Research reveals that using a mobile device behind the wheel is more of a distraction than both alcohol and drugs. If caught, legislation currently enables the police to administer 3 points on to a license plus the power to impose hefty £100 fine. So, why do drivers still risk sending the odd text here and there?
A red light does not give the nod for sending a tweet, selfie or whatever else… Cough Pokémon Go. Mixing driving with text is a lethal combination. With misconceptions floating around, the actions of some drivers have been swayed by such red herrings. Whilst operating handheld devices when driving has been illegal for over a decade this issue has become an epidemic that causes drivers to detect fewer hazards, which in turn increases the likelihood of accidents occurring on our roads.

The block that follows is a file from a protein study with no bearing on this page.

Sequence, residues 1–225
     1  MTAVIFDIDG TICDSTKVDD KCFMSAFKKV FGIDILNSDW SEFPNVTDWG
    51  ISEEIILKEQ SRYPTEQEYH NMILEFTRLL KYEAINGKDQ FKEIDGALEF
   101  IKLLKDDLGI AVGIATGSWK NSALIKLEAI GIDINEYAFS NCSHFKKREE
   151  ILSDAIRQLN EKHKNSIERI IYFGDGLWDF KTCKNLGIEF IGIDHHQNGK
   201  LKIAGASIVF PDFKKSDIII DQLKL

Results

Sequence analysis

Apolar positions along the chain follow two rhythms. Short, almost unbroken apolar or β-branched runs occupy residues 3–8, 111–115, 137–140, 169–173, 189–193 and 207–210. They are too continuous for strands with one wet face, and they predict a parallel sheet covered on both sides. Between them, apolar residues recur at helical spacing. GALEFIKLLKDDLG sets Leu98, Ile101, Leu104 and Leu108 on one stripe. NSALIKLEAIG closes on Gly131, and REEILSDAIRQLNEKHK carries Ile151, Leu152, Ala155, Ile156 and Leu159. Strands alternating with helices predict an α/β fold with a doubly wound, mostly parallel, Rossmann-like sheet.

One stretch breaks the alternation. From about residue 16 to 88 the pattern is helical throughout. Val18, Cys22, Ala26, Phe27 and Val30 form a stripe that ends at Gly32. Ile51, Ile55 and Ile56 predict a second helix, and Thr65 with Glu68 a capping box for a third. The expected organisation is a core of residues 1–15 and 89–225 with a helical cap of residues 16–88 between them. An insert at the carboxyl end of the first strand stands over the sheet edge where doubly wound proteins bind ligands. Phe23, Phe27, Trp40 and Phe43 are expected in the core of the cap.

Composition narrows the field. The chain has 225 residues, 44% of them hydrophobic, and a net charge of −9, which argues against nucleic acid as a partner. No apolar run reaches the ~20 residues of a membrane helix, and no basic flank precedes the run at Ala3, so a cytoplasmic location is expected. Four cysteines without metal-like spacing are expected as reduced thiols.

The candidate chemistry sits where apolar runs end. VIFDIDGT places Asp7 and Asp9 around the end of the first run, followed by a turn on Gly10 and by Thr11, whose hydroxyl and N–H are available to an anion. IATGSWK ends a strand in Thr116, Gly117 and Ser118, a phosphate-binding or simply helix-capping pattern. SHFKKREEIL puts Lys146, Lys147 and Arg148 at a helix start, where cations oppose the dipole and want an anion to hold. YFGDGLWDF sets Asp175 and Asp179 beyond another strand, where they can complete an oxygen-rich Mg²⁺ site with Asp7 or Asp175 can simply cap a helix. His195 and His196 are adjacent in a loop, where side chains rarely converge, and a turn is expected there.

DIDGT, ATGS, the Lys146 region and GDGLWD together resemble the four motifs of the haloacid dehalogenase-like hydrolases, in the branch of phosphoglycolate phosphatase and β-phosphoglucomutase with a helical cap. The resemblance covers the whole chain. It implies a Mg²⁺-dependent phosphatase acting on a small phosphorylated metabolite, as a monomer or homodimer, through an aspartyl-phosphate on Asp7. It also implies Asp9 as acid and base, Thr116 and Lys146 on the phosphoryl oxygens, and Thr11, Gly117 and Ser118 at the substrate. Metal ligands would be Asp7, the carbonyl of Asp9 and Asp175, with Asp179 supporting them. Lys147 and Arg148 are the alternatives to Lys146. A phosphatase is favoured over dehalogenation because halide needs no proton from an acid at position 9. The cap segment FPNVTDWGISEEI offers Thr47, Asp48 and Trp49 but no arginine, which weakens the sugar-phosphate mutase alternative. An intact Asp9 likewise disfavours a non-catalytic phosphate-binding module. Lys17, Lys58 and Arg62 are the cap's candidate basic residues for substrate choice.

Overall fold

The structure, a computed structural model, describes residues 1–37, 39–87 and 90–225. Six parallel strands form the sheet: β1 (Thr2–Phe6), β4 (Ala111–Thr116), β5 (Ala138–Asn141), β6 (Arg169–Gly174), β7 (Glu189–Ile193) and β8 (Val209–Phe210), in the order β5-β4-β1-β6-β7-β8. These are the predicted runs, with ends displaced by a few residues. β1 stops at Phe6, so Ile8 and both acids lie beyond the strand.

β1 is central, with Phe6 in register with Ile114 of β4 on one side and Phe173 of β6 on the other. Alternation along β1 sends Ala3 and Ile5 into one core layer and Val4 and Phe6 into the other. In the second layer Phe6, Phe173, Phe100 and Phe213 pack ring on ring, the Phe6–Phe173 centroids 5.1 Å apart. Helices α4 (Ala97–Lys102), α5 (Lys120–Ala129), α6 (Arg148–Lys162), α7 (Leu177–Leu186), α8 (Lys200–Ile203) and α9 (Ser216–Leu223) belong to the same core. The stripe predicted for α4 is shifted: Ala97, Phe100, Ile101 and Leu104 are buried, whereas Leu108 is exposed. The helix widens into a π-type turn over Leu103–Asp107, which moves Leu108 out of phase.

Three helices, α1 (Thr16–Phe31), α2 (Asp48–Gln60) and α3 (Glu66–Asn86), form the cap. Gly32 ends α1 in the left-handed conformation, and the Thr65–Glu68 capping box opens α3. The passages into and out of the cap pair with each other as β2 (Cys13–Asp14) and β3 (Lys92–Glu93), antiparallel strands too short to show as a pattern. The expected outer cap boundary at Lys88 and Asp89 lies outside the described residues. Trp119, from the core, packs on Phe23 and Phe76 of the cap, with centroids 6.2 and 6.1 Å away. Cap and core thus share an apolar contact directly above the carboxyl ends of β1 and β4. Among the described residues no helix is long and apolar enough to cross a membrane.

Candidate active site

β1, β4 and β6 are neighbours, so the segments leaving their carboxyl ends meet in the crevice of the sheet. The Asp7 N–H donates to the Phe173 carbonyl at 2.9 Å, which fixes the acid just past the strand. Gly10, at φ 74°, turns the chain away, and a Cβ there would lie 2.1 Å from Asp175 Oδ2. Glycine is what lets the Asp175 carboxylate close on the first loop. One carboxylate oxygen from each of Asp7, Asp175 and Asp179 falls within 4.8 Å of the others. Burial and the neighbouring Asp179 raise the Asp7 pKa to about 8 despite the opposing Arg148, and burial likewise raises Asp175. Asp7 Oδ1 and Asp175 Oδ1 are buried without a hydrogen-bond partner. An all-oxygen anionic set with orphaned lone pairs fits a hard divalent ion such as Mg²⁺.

The president of the AA Edmund King has stated: “Three-quarters of drivers see others using mobile phones on some or most journeys, with one-quarter seeing it on every journey.” In an effort to curve usage, the police will be granted more power as of 2017. These powers include being able to hand over a penalty of six points and a £200 fine. The strengthened consequences aim to place mobile use in the same bracket as alcohol in the public eye, which is now widely considered to be unacceptable.
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